I’ve been writing the Good Earthkeeping columns since I moved to Grafton and joined the garden club. Two friends I made in the club shared my enthusiasm to write a column for the Grafton News. I proposed the title, approached editor Charlie Bolack, and voila, my friends and I had a column to enjoy writing. Only it turned out they didn’t have as much fun doing it as I did, and soon turned the whole column over to me. Eventually I joined Word Press and began posting here.
I began this column in the early nineties when the trend toward holistic and natural goods and behaviors was beginning to crest. At that time, the content and direction of my column was primarily informational. It concerned healthy cleaning solutions, book reports on helpful texts, ways to recycle, and occasionally, something from my point of view. After some time I discovered that many of my readers preferred the more personal columns, so I trimmed my sails to the proverbial wind, so to speak and focused more and more on perspective pieces.
Since some of
my perspective is a reflection of my experiences both as a child and as an
adult, pieces of my personal history began to creep into my writings. Many readers
have since commented on how much they like that aspect of it. Once again I have seen the way the wind blows
and acted accordingly. It’s fun for me to share some of the memories I have of
times before computers and cell phones, not to mention 24 hour television
programming. Some of you may remember the test patterns on the small black and
white TV we watched as children. They began when the evening programming ended.
So where do the New Year Resolutions fit into this picture? Quite simply I’m not making any this year. My resolutions do not seem to survive the first few months, and they usually have to do with projects not behaviors. If I could say that the projects I resolved to complete were finished or the behaviors changed, I might still make a resolution or two. Yet I’ve come to the conclusion that maybe making a resolution about something to accomplish or even work on for the new year jinxes the project. And that worries me, so this year I resolve not to resolve, I will instead welcome any surprises that the year has to offer.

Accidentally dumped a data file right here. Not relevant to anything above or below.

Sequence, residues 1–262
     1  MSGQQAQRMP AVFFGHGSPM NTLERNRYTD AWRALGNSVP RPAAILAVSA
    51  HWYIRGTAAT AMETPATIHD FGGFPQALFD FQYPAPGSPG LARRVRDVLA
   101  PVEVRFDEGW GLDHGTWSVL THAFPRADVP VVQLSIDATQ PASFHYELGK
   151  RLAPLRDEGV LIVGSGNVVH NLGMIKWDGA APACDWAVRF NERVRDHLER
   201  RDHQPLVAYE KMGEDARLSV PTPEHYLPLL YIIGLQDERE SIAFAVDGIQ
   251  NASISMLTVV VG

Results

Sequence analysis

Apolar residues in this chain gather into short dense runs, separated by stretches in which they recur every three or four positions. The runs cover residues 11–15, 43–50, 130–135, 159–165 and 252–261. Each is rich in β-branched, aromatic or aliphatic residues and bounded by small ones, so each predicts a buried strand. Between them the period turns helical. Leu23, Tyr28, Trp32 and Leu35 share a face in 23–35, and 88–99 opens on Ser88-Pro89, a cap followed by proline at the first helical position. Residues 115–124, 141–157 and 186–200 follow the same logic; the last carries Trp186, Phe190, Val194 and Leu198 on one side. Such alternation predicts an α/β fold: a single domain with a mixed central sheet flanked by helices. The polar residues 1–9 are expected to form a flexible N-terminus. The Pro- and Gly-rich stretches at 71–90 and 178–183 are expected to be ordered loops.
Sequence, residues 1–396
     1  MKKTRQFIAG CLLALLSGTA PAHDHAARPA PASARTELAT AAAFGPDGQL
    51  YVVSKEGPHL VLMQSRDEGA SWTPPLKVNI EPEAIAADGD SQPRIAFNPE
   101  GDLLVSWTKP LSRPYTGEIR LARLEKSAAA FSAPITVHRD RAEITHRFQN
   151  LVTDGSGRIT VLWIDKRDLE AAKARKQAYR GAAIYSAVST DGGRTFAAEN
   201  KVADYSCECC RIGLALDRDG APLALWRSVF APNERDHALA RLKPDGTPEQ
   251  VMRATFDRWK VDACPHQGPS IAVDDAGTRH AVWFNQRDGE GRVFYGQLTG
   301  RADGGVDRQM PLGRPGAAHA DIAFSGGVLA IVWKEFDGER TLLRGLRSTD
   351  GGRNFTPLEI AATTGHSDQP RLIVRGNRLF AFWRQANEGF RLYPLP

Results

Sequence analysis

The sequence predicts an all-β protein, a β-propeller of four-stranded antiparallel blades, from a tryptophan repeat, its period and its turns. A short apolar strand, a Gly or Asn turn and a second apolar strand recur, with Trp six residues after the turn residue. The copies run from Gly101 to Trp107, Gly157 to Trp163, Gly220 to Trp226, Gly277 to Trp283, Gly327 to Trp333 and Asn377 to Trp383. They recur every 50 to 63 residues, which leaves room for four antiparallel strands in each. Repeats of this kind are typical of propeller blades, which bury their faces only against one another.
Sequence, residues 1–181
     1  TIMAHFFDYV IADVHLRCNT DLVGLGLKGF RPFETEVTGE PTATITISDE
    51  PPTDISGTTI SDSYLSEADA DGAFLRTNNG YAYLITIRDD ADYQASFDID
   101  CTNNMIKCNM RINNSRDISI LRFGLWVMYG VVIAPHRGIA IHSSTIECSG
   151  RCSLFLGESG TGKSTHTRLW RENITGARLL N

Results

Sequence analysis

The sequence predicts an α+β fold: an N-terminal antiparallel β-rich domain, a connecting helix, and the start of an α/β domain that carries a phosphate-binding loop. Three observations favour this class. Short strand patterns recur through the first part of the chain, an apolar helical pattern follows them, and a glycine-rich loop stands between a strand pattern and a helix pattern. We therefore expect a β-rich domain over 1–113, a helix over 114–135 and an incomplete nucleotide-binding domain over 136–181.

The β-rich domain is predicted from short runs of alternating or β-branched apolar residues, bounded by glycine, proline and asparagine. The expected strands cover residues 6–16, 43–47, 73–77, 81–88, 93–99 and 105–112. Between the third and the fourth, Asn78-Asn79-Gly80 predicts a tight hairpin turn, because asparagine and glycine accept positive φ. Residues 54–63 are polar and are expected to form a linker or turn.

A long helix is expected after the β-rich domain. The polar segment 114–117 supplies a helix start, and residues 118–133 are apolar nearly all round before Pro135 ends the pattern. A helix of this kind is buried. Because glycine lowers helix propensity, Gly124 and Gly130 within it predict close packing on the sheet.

The way things have gone in my life, it seems that everything falls together the way that ultimately works best. So why should I meddle? I do know that there are things I once wished for that I am relieved I didn’t get, and things I never thought to wish for that to my delight have. I will leave the resolving and long term planning to the Powers that Be and focus on the present moment in the new year to come. Wait…does that sound like a resolution? Shh no that’s not a resolution, just my focus for my life. Happy New Year to all, I wish you, my dear readers every joy in the year to come.
The Thief of Time has struck again. Where has this past year gone? Some of it was taken up with appointments, some with shopping and of course, cooking. My emails take up a considerable amount of it, however that’s my fault because I like to answer each one, even if only with a quick acknowledgement. To be sure before I had a computer I had a considerable snail mail correspondence, however my letters were generally longer than my emails usually are. To me time is a precious commodity and one to be cherished.
Is there ever enough time to do what I’ve planned to do? Stephen says there’s a man who comes by, and stands outside on the back porch with a basket. He uses it to stash away the time he steals. If I could catch hold of him I’d ask him what he does with it and if he’d please stop. I sure could use the minutes he steals from me, and perhaps many others as well. Haven’t you ever wondered where that last hour went? Or even the last day? Well now you know.
Stephen and I call him the Time Thief. He seems to be most active twice a day: when I get up—the hour that seems to vanish between rising and breakfast or the doings of the day, and the hour of 10 PM when I start to get ready to go to bed. Somehow when I do get between the sheets, much more time has passed than I anticipated. This time thief can be very frustrating. All too often I plan on getting certain things done by such and such a time and lo and behold, the time thief has stolen away some of the minutes I thought were mine. I think I’ve even heard him chuckling.
There are whole books written about better time management, but they do not take the time thief into account. I know of no other explanation for my failure to have the hours and minutes I believe I need to do what I plan to do. Of course I never plan too many tasks to fit the amount of time they require, do I? Me? No, never! On the other hand, I feel sure that if I am able to plan more carefully or move a little faster or somehow eliminate a task or two from my list I will have managed my existing time better.
My conundrum may have something to do with getting older. Do I actually move more slowly than I used to? Could it be that my body simply does not whisk through my tasks as fast it once did? Having no way to measure the past, I find myself unsure. Do I do things more carefully than once I did? That would be a plus. Perhaps my reach simply exceeds my grasp and I am more ambitious than realistic in the goals I set for myself.
To that end I have devised two resolutions for 2018. First I resolve to be more mindful of priorities and not leave important things for the last minute. And second I will be more mindful of the passing of the time and outwit the time thief that way. Who knows, one day I might even be able to catch hold of him and then I’ll have a great handle on a good source for more time.